I N   P R I N T

Cappuccino, latte, Americano, Talmud: Spot the odd one out

By ADAM ROSS

 

07/18/2013 21:53 Jerusalem Post

 

A kollel in the German Colony? The founders say the Emek Learning Center is just what the local community is looking for

 

Photo by: ADAM ROSS

 

At the Pierre Koenig Street end of Jerusalem’s coffee mile, the Emek Learning Center has opened for business, adding a community kollel to the restaurants, coffee shops, bars and boutique jewelry stores of Emek Refaim Street.

Sitting above what was once a bridal store and is now a state-of-the art audio outlet, the center consists of an open-plan beit midrash (hall for Judaic studies), an adjoining classroom, and office space, with an oakcolored ark and floor-to-ceiling bookshelf adding a warm contrast to the freshly painted white walls.

The community kollel model, in which men are paid to study Torah and which offers educational opportunities for the local community as well, is a popular one in English-speaking countries, especially the US.

The ELC project stemmed from the generosity of a local resident who, adamant about retaining his anonymity, approached the former head of the Mevaseret Zion Yeshiva to turn his shekels into the community learning center of which he had dreamed.

Rabbi Azarya Berzon heads the center alongside Rabbi Shalom Myers, who was previously with the Ohr Somayach Yeshiva. Berzon has also held senior teaching posts at the Lander College for Men and hesder yeshivot in Ma’aleh Adumim and Sha’alvim, and he was most recently a joint head of the Yeshiva University Kollel in Toronto.

 


 

 

 

 

 

 

 

 

 

 

 

 

 

 

 

 

 

 

 

 

 

The two men have recruited 10 scholars who, with their families, are the backbone of the center’s vision. They will continue to learn Halacha during the day while building a study schedule with community members, whom the ELC’s website invites to “drop in for a spontaneous hevruta [Torah study session with a partner].”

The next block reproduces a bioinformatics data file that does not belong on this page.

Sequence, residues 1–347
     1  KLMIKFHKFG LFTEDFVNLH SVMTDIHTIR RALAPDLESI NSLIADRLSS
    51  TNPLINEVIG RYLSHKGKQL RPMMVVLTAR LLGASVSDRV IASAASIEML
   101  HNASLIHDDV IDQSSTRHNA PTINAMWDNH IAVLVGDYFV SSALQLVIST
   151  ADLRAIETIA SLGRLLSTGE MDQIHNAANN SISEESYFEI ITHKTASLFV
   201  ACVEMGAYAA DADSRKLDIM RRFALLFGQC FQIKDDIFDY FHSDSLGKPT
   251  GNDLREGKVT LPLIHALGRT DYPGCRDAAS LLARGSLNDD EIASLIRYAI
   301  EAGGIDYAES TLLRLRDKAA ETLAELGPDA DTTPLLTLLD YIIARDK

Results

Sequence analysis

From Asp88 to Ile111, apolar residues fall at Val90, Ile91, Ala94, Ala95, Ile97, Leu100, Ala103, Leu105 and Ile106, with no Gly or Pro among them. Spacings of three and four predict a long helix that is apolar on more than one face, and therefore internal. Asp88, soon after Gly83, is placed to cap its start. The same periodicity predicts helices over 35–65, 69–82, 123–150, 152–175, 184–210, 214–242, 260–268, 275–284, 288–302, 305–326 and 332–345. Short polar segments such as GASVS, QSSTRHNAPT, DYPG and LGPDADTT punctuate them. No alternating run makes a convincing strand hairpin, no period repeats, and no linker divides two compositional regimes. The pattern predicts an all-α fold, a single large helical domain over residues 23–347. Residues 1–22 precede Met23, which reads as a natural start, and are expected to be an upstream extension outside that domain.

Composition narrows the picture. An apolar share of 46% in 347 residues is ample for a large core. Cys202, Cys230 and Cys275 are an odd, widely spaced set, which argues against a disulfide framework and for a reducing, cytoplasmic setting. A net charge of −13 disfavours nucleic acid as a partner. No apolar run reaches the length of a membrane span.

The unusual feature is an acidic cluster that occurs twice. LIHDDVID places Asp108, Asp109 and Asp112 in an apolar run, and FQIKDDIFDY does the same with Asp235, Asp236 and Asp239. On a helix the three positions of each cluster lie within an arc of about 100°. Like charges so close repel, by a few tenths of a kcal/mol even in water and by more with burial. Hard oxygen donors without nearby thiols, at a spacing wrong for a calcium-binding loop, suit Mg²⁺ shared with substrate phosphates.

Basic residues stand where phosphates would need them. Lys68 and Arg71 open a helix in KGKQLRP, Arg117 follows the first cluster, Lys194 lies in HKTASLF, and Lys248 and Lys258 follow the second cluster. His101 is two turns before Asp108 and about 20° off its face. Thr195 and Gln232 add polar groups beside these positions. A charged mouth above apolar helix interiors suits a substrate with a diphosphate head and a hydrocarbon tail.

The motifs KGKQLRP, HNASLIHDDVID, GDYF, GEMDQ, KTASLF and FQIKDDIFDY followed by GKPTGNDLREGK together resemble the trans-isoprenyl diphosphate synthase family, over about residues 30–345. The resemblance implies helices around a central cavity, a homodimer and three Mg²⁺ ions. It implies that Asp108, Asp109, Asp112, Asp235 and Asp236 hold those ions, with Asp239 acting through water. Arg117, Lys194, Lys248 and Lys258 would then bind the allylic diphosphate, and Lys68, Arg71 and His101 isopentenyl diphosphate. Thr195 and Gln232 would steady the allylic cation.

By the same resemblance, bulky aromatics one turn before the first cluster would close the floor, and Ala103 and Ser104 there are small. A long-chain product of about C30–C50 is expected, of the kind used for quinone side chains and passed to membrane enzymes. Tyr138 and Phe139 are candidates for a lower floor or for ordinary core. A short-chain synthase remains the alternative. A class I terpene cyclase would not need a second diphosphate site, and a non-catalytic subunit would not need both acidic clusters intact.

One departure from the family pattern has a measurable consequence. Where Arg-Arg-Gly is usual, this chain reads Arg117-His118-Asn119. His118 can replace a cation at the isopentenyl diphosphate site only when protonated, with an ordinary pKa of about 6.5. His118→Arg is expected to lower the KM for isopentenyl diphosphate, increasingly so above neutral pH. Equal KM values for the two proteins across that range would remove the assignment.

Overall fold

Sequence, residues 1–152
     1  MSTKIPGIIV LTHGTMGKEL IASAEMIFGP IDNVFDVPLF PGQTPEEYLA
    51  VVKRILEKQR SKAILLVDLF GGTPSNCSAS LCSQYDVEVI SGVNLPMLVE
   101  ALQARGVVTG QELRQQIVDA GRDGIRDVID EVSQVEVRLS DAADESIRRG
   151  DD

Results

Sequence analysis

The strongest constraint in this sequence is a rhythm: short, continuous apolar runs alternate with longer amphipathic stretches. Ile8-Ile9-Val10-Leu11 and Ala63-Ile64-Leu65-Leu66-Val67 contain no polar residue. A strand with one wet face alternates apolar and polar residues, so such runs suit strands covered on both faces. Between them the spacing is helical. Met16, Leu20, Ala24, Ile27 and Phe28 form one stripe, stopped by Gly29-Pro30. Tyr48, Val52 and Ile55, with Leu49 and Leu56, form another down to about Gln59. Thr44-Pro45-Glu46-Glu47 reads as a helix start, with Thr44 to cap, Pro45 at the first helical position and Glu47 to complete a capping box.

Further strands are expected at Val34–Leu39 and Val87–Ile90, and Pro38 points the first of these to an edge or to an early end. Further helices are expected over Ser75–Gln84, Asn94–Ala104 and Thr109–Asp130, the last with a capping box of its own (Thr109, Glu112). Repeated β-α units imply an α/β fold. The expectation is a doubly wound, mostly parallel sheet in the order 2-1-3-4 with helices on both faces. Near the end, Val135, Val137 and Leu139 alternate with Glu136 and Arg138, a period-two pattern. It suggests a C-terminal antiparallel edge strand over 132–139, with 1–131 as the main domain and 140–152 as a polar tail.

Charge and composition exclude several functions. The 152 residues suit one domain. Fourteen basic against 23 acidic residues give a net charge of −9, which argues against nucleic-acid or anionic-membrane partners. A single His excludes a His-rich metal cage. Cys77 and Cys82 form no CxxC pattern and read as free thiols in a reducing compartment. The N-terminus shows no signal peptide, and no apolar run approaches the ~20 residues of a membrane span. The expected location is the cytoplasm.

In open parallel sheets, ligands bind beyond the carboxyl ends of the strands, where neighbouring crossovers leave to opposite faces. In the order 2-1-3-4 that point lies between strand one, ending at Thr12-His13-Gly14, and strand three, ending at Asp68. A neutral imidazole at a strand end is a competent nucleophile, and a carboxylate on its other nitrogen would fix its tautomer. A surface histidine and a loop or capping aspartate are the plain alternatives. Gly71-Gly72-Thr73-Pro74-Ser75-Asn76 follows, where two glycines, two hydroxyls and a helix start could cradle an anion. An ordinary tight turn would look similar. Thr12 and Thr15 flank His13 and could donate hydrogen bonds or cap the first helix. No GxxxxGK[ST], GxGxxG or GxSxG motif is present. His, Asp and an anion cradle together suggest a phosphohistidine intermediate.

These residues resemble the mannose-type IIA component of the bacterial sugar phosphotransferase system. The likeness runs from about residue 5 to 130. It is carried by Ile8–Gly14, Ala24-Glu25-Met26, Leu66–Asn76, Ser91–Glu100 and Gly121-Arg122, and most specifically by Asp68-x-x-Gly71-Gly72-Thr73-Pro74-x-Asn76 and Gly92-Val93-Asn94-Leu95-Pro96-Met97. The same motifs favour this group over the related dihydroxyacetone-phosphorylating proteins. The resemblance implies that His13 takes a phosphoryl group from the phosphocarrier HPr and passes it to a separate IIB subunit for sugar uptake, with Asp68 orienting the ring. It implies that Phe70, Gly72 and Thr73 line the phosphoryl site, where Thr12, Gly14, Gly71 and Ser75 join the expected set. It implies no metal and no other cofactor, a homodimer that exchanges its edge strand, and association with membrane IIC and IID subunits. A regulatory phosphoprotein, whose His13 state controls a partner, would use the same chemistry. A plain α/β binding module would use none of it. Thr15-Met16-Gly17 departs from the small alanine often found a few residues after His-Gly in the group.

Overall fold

Berzon has led the way, moving with his family from the city’s Har Nof neighborhood to put himself fully behind the project. The majority of the families involved are also planning to move into the German Colony area, if they have not already done so.

“The idea is to create more of a community-style place to come and learn and pray,” he says. “We have seen the polarization of Jews recently, and many have become disenfranchised. The idea here is to reinstill a love of Jewish learning.”

The center opened the week after Passover and has so far enjoyed a steady increase in foot traffic. Locals drop in to study throughout the day – including on Shabbat – and there is good attendance at the center’s evening classes for both men and women and at occasional special events. Last week, well over 100 people packed into the center for a joint event with the Eretz Hemdah Institute for Advanced Jewish Studies and the Shir Hadash congregation, to hear octogenarian Rabbi Fabian Schonfeld – a close student of the late Rabbi Joseph B.

Soloveitchik – speak about his memories of the renowned founder and head of Yeshiva University.

Ricky Burstein, who moved to Israel from Sydney five years ago, is a regular at ELC during the week and one of 40 to 50 regulars on Shabbat morning. A financial controller living in Katamon, he comes for prayers and shiurim (lectures) over Shabbat, as well as one evening during the week.